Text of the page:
I used to think that I could never do that (work on someone’s idea) because I thought that I wouldn’t be able to deliver what the writer was imagining. But eventually it is an idea and once you develop it into a film, then it doesn’t belong to just one person. Even when someone else has written a script, it is the director who envisions how he/she will translate it on to screen and accordingly makes changes to that draft. So working on someone else’s idea is not as big a problem as it sounds. Suhas and I share a trustworthy relationship and he was open to my suggestions, even though it was his idea. When we finished the draft, Prakashji (Jha) came on board and he had certain ideas. The actors had ideas about their characters as well and we incorporated all of it. So at the end it becomes everyone’s story.
The film has an interesting cast, a mix of personalities. Were you involved in the casting? How did you go about getting lyricist Swanand Kirkire on board?
Yes I was involved in the casting as well. Sharanya Rajgopal, a good friend and someone who dons many hats, came on board as a casting director. After reading the script, she wanted us to meet Swanand (Kirkire), as she related the character of Pawan Beri to him. Although I loved Swanand as a musician, I couldn’t make this connection for the movie. Towards the final session of casting, we were yet to lock some of the main characters. That is when Sharanya mentioned Swanand again. His physical form was similar to that of Pawan’s character. Finally Suhas and I met him and I was convinced that he could pull it off. Interestingly, at the same time Swanand was wondering why we were offering him such a big role and was also apprehensive about Prakash Jha’s take on it. But Prakashji was equally excited about him being on board. It took just one narration from our end to convince Swanand.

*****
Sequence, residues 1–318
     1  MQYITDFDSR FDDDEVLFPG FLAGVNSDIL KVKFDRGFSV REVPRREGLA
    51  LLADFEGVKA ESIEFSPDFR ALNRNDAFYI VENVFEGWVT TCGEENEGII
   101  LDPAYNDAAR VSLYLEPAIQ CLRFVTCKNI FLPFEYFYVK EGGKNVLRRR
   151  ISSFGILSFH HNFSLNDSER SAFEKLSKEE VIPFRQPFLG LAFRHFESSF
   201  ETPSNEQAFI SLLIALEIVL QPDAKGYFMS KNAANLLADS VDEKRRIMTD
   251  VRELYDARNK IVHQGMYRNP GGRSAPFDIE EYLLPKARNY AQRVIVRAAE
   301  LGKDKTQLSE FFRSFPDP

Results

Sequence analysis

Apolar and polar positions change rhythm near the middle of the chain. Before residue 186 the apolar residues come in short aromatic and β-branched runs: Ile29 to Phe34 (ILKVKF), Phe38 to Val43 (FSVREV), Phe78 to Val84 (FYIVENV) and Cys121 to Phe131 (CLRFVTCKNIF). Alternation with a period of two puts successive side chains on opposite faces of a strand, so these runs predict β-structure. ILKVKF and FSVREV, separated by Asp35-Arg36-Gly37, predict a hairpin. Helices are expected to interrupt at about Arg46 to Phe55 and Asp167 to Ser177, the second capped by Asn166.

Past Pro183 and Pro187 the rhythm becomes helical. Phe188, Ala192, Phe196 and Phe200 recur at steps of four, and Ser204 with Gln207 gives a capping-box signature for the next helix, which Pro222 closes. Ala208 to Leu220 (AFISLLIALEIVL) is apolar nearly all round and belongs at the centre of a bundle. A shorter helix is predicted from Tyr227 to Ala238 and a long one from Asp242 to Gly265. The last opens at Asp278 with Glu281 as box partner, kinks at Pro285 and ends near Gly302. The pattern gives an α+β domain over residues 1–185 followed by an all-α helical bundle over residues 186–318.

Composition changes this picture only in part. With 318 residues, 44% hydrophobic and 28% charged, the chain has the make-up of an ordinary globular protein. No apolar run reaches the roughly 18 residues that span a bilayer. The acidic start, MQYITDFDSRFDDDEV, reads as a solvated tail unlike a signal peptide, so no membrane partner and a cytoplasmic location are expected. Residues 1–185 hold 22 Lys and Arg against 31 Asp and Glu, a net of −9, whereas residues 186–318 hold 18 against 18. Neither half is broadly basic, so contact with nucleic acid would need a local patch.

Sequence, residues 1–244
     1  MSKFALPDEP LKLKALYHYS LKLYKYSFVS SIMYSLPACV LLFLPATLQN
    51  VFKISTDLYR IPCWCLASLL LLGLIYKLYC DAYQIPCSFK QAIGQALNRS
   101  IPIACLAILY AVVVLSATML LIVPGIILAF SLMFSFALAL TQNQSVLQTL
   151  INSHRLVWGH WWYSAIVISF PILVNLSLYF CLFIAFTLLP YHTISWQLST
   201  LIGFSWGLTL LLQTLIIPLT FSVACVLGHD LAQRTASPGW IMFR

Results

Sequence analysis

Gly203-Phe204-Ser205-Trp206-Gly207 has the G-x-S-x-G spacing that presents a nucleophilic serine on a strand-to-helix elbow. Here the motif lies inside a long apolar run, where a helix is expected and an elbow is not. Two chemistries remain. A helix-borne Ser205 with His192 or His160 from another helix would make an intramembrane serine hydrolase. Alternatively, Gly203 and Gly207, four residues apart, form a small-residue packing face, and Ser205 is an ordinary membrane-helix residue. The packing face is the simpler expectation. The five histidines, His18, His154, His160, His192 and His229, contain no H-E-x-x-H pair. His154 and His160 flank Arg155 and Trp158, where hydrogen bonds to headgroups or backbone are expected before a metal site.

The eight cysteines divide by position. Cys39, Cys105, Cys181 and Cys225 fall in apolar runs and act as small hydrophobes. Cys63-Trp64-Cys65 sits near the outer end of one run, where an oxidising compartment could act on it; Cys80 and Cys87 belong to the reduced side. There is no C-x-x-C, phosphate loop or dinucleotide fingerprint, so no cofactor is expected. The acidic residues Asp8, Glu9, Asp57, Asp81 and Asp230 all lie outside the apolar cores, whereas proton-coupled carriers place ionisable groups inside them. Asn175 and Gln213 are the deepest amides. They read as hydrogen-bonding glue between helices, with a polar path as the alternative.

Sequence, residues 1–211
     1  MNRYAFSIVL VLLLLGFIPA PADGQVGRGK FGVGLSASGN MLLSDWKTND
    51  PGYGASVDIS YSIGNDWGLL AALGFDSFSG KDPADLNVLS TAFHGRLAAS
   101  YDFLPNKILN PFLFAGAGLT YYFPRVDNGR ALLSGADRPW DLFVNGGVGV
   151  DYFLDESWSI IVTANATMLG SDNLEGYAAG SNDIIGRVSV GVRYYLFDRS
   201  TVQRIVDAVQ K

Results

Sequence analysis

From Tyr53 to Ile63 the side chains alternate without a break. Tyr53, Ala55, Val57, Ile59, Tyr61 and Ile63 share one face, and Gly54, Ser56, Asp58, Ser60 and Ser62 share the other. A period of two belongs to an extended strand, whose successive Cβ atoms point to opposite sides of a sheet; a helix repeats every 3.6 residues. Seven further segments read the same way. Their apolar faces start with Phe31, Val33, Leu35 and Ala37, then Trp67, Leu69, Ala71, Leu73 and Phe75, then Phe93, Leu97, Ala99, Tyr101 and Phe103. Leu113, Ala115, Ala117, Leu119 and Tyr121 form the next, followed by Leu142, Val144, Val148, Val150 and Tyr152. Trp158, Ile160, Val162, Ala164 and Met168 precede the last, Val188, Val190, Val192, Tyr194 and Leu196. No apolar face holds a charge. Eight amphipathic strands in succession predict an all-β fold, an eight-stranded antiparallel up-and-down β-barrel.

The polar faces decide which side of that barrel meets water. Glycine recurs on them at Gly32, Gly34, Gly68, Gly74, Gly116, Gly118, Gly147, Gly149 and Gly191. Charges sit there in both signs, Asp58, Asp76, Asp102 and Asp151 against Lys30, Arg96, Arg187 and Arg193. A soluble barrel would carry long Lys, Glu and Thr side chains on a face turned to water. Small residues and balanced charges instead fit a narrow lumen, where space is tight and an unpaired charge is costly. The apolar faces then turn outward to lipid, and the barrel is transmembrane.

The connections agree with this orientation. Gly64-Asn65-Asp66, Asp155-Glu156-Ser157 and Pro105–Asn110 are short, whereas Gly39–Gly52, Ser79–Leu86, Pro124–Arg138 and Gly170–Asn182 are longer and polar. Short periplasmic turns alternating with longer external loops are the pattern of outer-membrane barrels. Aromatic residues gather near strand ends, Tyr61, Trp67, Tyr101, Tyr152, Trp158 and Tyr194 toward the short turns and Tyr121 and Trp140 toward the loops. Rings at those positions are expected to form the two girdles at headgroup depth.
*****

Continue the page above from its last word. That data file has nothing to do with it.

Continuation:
How would you define your relationship with the actors of the film? What was your rehearsal method like?
Because it is a comedy film, it is heavy on performances. And I was sure that my focus was going to be on the performances. The actors first individually read the script, made points and discussed it with me on a one-to-one basis. Then we had a few collective discussions where everyone sat together and read the script from the beginning to end, each one reading their own lines. As that was happening, someone would do a gesture, an action or something and I would say — ‘This really works, keep this’. Since we were 10–12 people, the ideas kept flowing and I was open to improvisation. Swanand and Ninad (Kamat) are very spontaneous. When you give everyone freedom, they want to do more for the film and that worked well.
As a director, how would you describe your style?
I’d love to say I am methodical but I am actually spontaneous and that drives my assistants nuts at times. There are things that I will discuss the previous night but completely change them while shooting the next day. I definitely wish I could be more methodical to plan enough so that even if I change things at the last minute, there is no problem. I believe that having as much planning as possible is always a good thing on a film set.
How did Prakash Jha come on board as Producer considering he is largely associated with socio-political dramas? Any particular aspect where his contribution proved invaluable?